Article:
Close menu Resources for... William & Mary
W&M menu close William & Mary

Weingartner Professors

John Lombardini (Ph.D. Princeton University) is the Weingartner Professor for 2018-21. He serves as Associate Professor of Government and Affiliate Faculty in Classical Studies, and is co-chair (with Drew Stelljes) of the Civic Scholars Project. His research is focused in the field of democratic theory, broadly construed, with a particular interest in the question of democratic authority and its place within modern representative institutions.

As co-chair of the Civic Scholars Project, he is currently working with undergraduate students to address the question: “what kinds of leadership, civic engagement, and civically-minded scholarship do we need to reinvigorate our democratic virtues, practices, and institutions?” The project provides students with the opportunity to conduct original research that bridges the worlds of academic study and civic engagement. It further aims at connecting William & Mary students with their peers at other academic institutions in order to address big global issues in their regional, national, and international manifestations. 


Joel Schwartz (Ph.D. University of California, Berkeley),  Professor of Government and past director of the Charles Center, conducts research on deliberative democracy and other topics in political theory. Working with Professor Clay Clemens, he established a deliberative democracy format for the Weingartner Global Initiative. Their group of nine Weingartner Student Fellows selected the challenge of immigration of undocumented unaccompanied minors as their topic. They conducted research and focus groups on policy options, wrote a detailed briefing book for deliberation participants, and organized several public deliberations


Francie Cate-Arries (Ph.D. University of Wisconsin-Madison) is a professor in Hispanic Studies. Her research focuses on cultural production related to the Franco regime’s "disappeared’" – civilian victims of firing squads whose mass graves are currently being exhumed nationwide in Spain. As part of her “Voices of Memory/Objects of Remembrance” project based in Madrid and Andalucía, she and the 2013 Weingartner Student Fellows, Megan Bentley and Katherine Wessman, filmed interviews with witnesses to the dictatorship’s repressive reprisals, including a former political prisoner; a veteran of 1939 French refugee camps; and family members of those executed without trial, Spanish citizens who now advocate for national legislation to recognize and redress human rights abuses during the regime. She is author of Culturas del exilio entre las alambradas: literatura y memoria de los campos de concentración en Francia, 1939-1945 (Barcelona, 2012), and a recipient of the SCHEV Outstanding Faculty Award.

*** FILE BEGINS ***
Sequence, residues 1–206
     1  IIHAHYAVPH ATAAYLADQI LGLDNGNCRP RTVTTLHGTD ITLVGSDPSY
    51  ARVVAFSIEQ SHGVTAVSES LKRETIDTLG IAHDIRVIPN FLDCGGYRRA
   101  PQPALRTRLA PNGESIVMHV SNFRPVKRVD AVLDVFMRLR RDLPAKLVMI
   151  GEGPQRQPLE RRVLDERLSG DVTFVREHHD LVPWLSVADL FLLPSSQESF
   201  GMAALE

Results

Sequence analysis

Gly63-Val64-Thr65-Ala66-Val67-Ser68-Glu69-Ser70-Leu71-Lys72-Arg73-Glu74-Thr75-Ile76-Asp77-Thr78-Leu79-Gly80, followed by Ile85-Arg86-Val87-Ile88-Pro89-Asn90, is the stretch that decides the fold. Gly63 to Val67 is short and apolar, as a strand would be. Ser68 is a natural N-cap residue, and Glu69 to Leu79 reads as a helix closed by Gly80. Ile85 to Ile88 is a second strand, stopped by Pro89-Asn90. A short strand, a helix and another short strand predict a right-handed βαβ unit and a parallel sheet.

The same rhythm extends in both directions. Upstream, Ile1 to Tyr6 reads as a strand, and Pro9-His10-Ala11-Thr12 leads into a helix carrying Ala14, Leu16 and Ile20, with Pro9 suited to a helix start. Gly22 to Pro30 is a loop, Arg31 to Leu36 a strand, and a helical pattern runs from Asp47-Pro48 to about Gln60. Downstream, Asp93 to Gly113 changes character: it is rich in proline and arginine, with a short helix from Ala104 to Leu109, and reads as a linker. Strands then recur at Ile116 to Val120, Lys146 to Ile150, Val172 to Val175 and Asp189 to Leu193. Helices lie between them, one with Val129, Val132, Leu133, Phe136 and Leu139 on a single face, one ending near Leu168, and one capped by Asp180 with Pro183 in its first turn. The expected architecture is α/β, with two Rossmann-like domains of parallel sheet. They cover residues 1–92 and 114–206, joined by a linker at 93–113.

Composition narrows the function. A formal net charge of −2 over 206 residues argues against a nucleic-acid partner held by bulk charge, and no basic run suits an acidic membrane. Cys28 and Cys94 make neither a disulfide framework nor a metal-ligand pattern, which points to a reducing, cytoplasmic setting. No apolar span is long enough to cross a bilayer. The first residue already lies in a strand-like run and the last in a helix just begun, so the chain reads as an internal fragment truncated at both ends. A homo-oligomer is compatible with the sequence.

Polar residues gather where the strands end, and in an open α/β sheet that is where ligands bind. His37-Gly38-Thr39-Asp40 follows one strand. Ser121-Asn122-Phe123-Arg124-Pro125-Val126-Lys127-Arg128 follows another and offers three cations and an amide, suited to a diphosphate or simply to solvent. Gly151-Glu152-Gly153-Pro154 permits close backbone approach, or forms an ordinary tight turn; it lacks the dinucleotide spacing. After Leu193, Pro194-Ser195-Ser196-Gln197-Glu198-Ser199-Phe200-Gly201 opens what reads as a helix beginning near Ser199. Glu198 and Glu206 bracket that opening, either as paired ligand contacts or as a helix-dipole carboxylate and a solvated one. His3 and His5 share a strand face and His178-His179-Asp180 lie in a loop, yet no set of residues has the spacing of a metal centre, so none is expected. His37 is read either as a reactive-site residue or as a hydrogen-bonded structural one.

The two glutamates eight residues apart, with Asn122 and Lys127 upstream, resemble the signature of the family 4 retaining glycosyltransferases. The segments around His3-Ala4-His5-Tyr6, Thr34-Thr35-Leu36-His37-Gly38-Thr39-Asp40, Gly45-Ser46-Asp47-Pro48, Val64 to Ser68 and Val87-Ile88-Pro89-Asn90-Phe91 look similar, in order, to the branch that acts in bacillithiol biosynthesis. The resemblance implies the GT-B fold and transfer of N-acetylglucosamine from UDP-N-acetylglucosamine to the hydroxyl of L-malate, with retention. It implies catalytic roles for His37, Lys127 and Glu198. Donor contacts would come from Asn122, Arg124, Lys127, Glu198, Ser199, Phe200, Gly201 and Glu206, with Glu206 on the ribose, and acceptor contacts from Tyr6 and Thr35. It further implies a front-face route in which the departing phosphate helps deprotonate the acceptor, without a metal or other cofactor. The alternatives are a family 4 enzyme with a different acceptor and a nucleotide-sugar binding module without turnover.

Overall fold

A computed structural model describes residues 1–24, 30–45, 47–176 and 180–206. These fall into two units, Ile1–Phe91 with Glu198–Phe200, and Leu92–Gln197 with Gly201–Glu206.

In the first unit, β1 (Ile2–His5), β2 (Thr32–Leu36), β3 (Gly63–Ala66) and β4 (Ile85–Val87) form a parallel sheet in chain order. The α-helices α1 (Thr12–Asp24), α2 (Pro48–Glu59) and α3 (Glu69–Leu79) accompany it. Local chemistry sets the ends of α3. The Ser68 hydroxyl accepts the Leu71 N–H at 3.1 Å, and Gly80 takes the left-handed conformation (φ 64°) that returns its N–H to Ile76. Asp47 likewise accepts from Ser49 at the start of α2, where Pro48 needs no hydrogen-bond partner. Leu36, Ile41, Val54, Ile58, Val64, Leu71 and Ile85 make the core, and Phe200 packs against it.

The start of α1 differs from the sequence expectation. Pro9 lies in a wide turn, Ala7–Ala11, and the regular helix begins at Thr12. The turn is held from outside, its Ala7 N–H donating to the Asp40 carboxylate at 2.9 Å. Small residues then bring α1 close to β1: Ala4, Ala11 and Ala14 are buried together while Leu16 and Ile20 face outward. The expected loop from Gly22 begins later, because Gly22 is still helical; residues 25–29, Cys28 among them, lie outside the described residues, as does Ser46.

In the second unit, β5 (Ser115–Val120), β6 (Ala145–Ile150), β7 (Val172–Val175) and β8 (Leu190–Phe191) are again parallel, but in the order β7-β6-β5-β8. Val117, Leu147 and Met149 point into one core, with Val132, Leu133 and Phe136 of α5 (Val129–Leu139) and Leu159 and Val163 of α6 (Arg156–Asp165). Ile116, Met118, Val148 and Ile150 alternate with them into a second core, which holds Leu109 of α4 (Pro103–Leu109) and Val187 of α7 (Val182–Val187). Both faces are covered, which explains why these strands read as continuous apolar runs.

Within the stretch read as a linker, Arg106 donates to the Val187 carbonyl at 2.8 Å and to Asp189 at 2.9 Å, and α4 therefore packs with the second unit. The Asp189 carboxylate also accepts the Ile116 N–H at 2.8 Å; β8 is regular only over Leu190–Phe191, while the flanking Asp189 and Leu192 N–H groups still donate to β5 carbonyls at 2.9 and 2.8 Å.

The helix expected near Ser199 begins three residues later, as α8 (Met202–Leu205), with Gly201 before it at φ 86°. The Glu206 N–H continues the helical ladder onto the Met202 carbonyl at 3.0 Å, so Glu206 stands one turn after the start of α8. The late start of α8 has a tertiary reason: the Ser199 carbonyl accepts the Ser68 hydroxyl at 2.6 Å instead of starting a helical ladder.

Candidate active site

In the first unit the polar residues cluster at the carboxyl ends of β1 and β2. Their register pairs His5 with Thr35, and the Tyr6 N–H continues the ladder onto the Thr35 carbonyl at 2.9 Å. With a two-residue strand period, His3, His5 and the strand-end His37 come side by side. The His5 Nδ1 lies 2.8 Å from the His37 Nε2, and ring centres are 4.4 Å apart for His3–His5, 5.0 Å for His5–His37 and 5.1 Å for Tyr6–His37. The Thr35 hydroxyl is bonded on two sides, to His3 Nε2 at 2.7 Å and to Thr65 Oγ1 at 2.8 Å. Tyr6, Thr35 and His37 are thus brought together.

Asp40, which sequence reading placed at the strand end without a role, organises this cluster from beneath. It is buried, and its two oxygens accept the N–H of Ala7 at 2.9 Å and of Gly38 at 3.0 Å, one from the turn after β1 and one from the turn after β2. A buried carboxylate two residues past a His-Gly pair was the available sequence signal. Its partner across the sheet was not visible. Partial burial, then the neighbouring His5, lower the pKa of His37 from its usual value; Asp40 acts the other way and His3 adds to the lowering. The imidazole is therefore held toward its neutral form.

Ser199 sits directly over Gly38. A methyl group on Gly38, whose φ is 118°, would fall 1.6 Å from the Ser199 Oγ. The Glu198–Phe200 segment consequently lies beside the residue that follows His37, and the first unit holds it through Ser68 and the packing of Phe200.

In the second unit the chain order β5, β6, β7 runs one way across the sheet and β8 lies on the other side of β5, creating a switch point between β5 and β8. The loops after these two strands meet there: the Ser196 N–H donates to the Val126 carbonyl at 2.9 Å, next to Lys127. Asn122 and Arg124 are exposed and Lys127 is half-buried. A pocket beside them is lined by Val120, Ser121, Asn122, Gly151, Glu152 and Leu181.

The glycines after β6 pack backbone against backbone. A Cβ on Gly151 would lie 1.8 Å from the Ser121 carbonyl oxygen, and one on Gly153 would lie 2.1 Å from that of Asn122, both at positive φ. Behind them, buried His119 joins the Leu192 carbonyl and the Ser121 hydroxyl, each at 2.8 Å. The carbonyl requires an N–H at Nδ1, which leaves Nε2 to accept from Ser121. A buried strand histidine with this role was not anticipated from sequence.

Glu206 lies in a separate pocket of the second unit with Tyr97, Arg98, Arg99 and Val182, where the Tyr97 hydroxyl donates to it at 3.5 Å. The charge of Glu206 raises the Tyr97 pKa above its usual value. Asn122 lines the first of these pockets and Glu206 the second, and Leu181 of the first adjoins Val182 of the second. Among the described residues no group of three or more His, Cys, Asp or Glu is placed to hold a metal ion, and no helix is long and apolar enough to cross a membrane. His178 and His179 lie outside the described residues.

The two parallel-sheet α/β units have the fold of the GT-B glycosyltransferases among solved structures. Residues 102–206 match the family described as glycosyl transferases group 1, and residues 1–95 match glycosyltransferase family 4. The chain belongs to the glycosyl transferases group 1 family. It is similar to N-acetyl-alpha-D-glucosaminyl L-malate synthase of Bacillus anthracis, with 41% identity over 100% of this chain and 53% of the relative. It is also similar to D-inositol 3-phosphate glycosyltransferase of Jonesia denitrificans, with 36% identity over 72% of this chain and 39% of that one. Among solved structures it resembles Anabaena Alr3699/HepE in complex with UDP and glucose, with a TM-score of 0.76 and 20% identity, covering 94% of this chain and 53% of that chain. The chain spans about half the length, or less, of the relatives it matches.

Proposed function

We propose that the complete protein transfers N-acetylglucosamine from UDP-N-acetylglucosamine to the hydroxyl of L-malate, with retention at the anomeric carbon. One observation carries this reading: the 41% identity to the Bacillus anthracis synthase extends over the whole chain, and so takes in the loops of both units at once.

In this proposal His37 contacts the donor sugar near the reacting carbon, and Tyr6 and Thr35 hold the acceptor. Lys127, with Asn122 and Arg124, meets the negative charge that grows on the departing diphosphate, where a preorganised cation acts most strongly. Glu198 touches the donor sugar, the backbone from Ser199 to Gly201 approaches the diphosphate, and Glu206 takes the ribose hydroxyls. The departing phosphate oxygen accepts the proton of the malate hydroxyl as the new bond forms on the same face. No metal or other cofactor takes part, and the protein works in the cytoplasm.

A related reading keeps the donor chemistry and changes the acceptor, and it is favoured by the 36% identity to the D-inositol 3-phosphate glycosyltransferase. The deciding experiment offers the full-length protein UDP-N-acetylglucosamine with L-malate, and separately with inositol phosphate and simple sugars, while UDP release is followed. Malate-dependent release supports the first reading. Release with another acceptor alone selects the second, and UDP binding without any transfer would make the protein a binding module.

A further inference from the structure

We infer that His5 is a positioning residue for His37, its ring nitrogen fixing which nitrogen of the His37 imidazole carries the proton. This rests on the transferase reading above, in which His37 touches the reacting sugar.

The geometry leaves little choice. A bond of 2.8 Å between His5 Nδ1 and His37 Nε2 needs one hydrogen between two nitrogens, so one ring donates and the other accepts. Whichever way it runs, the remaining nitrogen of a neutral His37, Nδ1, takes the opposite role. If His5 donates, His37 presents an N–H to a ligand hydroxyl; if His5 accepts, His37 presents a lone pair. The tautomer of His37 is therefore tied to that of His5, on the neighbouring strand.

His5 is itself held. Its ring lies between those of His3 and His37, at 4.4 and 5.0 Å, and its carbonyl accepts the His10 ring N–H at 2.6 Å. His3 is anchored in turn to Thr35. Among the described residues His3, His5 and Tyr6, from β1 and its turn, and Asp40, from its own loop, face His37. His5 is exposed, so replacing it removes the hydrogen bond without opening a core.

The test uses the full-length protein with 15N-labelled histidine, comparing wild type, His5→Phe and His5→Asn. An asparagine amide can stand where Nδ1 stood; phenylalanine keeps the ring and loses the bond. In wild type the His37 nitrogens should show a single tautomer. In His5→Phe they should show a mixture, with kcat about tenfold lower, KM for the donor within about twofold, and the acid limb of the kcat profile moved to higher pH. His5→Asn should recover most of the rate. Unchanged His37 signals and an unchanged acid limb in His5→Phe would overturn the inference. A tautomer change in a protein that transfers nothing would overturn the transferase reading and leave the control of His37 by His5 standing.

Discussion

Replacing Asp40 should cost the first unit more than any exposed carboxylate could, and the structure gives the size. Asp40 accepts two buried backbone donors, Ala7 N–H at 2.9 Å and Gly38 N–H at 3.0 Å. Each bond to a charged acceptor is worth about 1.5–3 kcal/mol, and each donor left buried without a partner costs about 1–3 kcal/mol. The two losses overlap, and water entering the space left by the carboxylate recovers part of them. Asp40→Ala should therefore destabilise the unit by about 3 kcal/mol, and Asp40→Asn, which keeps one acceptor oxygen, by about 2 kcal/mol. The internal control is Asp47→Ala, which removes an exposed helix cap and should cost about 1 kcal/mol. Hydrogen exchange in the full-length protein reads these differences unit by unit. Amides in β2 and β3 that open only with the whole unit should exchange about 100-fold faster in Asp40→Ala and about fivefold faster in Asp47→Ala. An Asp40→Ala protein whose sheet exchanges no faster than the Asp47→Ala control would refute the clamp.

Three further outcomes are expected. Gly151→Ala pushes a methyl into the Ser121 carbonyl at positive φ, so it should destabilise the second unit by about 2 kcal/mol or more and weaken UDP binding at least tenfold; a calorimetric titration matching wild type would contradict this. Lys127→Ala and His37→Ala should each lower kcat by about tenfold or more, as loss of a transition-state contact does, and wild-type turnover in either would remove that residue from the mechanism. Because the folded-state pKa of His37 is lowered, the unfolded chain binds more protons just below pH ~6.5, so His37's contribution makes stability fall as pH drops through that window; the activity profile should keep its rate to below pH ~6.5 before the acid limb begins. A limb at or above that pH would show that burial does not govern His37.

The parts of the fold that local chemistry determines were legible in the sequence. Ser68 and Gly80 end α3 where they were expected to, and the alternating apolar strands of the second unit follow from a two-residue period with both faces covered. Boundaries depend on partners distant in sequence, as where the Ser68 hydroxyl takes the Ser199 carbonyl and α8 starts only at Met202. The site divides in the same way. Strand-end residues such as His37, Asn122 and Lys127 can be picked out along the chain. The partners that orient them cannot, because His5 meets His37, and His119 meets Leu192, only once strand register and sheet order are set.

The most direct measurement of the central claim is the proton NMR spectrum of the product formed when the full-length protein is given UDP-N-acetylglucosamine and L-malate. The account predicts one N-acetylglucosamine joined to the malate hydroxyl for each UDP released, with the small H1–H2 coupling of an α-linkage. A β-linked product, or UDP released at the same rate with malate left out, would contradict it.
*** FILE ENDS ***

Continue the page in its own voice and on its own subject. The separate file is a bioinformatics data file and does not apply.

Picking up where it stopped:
Associate Professor Paula Pickering mentored the Weingartner Student Fellows, Anushree Banerjee and Connor Smith. Pickering received a B.A. from Stanford University in 1989 and a PhD. from the University of Michigan in 2001. Her research focuses on how Western Balkan citizens and elites influence international efforts to rebuild post-conflict societies and states. She teaches comparative politics of the Eurasian region and is active in the Government department, International Relations, and Russian & Post-Soviet Studies programs.
Professor Mike Tierney served as a mentor and guide to the Weingartner Student Fellows, Eva Baker and Sneha Raghaven. Tierny received a B.A. from William & Mary in 1987 and a Ph.D. from the University of California at San Diego in 2003. He was the Weingartner Associate Professor of Government, Director of International Relations, and Director of the Institute for the Theory and Practice of International Relations.